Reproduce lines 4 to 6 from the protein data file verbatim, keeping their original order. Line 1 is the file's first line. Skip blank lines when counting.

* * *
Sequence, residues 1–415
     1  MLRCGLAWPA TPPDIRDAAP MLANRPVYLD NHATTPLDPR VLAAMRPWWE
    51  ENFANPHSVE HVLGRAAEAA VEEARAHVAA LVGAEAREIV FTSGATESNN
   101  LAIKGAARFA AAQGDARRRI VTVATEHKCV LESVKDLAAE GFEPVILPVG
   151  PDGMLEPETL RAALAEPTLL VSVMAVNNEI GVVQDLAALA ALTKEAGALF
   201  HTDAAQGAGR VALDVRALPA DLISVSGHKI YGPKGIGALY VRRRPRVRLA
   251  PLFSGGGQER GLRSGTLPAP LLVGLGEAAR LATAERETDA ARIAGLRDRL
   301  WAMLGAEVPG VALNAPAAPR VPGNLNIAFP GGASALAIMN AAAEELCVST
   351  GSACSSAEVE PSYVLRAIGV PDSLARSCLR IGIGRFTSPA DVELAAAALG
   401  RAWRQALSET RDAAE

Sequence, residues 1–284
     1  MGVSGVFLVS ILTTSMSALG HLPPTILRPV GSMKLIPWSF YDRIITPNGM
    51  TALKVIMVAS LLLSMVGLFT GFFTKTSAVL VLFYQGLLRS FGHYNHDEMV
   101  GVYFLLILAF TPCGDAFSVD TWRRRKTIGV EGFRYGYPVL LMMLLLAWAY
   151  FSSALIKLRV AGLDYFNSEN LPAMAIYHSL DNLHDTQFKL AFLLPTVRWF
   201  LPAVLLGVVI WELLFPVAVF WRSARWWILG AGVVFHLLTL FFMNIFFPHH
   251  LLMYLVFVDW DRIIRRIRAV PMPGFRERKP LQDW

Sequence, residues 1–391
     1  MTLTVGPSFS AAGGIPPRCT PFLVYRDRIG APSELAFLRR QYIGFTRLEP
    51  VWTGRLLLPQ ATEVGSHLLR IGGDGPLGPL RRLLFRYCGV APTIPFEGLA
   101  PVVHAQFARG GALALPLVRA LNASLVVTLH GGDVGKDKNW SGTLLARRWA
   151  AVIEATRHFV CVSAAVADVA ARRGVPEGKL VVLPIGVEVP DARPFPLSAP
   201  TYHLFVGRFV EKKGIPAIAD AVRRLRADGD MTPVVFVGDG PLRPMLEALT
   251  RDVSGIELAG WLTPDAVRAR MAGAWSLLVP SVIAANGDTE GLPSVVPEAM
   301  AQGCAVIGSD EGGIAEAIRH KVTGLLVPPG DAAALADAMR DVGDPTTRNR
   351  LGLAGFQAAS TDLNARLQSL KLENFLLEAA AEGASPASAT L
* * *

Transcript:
   101  LAIKGAARFA AAQGDARRRI VTVATEHKCV LESVKDLAAE GFEPVILPVG
   151  PDGMLEPETL RAALAEPTLL VSVMAVNNEI GVVQDLAALA ALTKEAGALF
   201  HTDAAQGAGR VALDVRALPA DLISVSGHKI YGPKGIGALY VRRRPRVRLA